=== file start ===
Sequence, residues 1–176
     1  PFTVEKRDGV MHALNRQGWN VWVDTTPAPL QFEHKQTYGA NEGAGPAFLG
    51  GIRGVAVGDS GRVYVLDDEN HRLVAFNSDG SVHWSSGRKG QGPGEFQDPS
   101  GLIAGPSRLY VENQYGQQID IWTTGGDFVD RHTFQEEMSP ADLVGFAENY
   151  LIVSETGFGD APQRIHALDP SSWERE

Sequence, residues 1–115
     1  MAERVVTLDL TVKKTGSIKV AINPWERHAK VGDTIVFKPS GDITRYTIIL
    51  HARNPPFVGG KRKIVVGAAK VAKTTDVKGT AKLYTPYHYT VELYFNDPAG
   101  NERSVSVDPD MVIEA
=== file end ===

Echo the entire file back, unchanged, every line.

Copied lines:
Sequence, residues 1–176
     1  PFTVEKRDGV MHALNRQGWN VWVDTTPAPL QFEHKQTYGA NEGAGPAFLG
    51  GIRGVAVGDS GRVYVLDDEN HRLVAFNSDG SVHWSSGRKG QGPGEFQDPS
   101  GLIAGPSRLY VENQYGQQID IWTTGGDFVD RHTFQEEMSP ADLVGFAENY
   151  LIVSETGFGD APQRIHALDP SSWERE

Sequence, residues 1–115
     1  MAERVVTLDL TVKKTGSIKV AINPWERHAK VGDTIVFKPS GDITRYTIIL
    51  HARNPPFVGG KRKIVVGAAK VAKTTDVKGT AKLYTPYHYT VELYFNDPAG
   101  NERSVSVDPD MVIEA